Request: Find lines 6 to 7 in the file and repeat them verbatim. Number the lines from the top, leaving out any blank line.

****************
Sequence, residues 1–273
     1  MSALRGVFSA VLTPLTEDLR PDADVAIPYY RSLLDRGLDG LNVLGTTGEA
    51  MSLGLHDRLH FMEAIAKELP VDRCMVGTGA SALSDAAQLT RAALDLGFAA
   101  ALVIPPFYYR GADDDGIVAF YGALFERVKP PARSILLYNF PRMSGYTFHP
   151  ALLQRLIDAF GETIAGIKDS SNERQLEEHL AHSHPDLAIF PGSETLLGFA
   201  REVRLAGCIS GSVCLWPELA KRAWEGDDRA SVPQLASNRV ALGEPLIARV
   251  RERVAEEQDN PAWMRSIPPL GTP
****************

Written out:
   201  REVRLAGCIS GSVCLWPELA KRAWEGDDRA SVPQLASNRV ALGEPLIARV
   251  RERVAEEQDN PAWMRSIPPL GTP